On Pain Meds – Can 5+ Patients Do Without Them and Get Better?

June 22, 2009 | Filed Under: Opiods | Comments(0)

BACKGROUND: Over the years that I’ve been treating pain patients, I have literally read hundreds of articles from around the world on treatments for chronic non-cancer pain. I don’t do this for entertainment I do it because I have to, to maintain my certification in pain management active. In short, I’m expected to keep myself up to date for my patients. One of the most frequent issues I hear from pain patients concerns their fears about taking “powerful” pain medications.

My purpose in this post is to sum up everything I’ve come across from around the world, and from our pain program’s own randomized controlled trial (RCT) that involved more than 400 legitimately diagnosed chronic non-cancer pain patients who reported a minimum of 5 (out of 10) level pain in our pain program on the campus of Scripps Memorial Hospital between 2000 and 2006. We compared 3 treatments with pain medications to assess under what conditions was functionality most effectively restored.


– First we looked only at primary care physicians and what and how physicians who are not certified specialists in pain, and were not part of our program, prescribed pain drugs to patients with 5+ level pain and what outcomes they posted at the end of 3 months;

– Then, we looked separately at certified pain management anesthesiologists who were part of our program and what and how physicians who were specialists certified in pain prescribed pain drugs to the same type of patients and what outcomes they posted after 3 months of treatment; and

– Finally, we looked separately at a combination of a certified pain anesthesiologist and a pain psychologist expert in operant behavioral and lifestyle modification – the “pain program” treatment – and what and how that combination of those two types of specialists in our program, with their specific interventions, wound up using pain drugs and what functionality outcomes they posted at the end of 3 months.

I’ve gone into the details of this RCT elsewhere. The key finding was that drugs alone do very little to restore 5+ patients’ functionality. The combination treatment was the only one to produce statistically significant change in relevant (to the patient) functionality. Primary care physicians had no impact on functionality; certified pain anesthesiologists had some, non-statistically significant impact on functionality. And the combination program had highly statistically significant impact on restored functionality. There’s no secret to this. It’s a matter of controlling the potential error in the treatment. If you can’t see it, you can’t control  it, so it constitutes random error. And since physicians can’t “control” the conditions that  increase or decrease functionality, they’re essentially not treating functionality directly so random error is to be expected in a drug-only treatment, especially  if the prescribing is in the hands of people not specialized in the control of pain.  That’s just commonsense.  So, in the same way that I can’t control the conditions that lead to metabolic changes in diabetes,  whatever I do, I’m not treating diabetes, regardless of any good intentions I may have. It’s simply not my area of practice.  And, functionality (or highly nuanced, higher-order, highly integrated behavior) is simply not physicians’ area of practice.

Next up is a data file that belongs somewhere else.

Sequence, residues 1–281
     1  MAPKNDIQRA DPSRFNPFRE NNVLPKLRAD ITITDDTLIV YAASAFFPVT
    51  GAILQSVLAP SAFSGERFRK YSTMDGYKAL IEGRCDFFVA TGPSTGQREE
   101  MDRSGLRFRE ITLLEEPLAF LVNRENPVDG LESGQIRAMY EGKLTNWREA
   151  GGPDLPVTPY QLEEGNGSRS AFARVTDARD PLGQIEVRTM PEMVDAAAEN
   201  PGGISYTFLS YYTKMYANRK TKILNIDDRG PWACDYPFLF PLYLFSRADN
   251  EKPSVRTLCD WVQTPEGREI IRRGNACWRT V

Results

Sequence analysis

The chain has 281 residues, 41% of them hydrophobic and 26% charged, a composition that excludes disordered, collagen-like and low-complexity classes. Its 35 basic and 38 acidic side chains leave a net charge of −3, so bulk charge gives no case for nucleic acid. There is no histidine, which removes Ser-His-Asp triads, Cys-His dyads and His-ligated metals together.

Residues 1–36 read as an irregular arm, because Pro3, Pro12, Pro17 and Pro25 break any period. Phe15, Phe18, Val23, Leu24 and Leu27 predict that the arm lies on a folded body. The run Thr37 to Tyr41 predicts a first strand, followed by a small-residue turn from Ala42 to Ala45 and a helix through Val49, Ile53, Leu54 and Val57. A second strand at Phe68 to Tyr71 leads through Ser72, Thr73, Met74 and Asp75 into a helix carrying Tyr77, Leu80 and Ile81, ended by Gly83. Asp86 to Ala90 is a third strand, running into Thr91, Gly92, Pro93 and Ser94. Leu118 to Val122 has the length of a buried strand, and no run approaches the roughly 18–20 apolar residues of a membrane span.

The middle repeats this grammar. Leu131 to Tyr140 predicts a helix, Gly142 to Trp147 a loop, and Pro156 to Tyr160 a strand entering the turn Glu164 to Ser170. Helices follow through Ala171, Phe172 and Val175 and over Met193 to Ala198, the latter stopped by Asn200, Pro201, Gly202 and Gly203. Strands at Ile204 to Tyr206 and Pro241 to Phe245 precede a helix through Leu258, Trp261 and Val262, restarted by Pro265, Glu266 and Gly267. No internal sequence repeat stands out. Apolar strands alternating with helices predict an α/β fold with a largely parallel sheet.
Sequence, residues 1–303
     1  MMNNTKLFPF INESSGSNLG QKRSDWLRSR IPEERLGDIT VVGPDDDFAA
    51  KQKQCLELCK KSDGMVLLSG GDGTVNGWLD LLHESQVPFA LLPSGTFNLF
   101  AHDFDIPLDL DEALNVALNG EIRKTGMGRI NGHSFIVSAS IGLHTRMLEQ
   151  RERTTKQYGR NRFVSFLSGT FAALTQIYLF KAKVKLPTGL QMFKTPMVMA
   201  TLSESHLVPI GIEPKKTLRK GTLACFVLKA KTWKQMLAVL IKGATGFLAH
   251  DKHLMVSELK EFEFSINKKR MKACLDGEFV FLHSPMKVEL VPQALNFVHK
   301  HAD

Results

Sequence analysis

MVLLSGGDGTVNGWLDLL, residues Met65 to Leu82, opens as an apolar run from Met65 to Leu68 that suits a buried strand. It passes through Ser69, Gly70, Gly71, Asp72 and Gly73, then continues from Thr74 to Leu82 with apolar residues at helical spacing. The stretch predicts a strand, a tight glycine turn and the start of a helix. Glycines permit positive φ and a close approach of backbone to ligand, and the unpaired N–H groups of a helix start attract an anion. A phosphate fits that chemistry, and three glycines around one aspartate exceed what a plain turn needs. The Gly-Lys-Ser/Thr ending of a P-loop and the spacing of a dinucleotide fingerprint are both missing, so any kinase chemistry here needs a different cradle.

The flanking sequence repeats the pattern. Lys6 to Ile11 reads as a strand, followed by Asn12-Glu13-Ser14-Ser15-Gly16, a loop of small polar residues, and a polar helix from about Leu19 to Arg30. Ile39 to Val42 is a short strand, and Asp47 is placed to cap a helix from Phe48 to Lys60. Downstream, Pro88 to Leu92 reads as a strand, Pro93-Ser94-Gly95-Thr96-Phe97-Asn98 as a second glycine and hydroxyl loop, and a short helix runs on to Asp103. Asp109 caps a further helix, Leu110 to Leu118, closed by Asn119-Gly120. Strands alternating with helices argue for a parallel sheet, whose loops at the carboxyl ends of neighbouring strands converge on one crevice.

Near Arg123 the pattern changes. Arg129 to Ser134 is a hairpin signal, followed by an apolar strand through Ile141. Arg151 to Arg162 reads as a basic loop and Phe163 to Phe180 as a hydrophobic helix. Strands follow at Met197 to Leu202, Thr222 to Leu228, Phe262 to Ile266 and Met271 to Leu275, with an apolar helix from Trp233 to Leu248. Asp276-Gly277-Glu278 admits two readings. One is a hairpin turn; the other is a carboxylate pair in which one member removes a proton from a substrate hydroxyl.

IS DRUG-FREE TREATMENT POSSIBLE?  Let’s follow the implications of the data and see what the numbers say about whether 5+ pain patients can do without pain drugs and show significantly greater functionality?

The short answer is, it depends on what the treatment conditions are. What is also obvious from this study is that not one 5+ pain patient was able to start restoring their functionality without the help of appropriately, specialist-prescribed pain drugs PLUS highly specific lifestyle and habit change conditions aimed at restoring very specifically defined functionality for each patient.  In short, neither drugs-alone nor lifestyle/habit-change alone works alone. A drugs-only approach restores little if any functionality, and a functionality-only approach, without drugs, also fails to restore functionality. Our findings simply were consistent with what we find in the worldwide literature on chronic diseases:  a combination approach (drugs PLUS behavior/lifestyle modification in expert hands) is the Gold Standard for restoring patients’ ability to again function as close as possible to normal.

So the answer is clear. No patient who did not take specialist-prescribed pain drugs was able to decrease their pain enough to focus on doing what they needed to subtly modify their behavior and lifestyle and begin to restore their functionality. The way it’s done “right” is that pain drugs are used to create just enough pain relief to begin to increase what constitutes priorities in the topography of each patient’s functionality. As functionality increases and comes under control of the patient’s normal life circumstances again, the need for medication drops and, in about 6 months, most patients can begin to titrate down from their beginning doses of pain drugs.

So, can 5+ pain patients go without taking pain drugs and increase their ability to function normally?  No, they can’t. All those who posted statistically significant changes in their functionality scores needed pain drugs to begin restoring their functionality. There is no mystery to this because 5+ pain leaves one – from experience – very “ditzy.” You can’t focus, you can’t concentrate, you can’t remember details of what to do to have success in consistently controlling the conditions of your functionality’s occurrence.

Dr. Henry Adams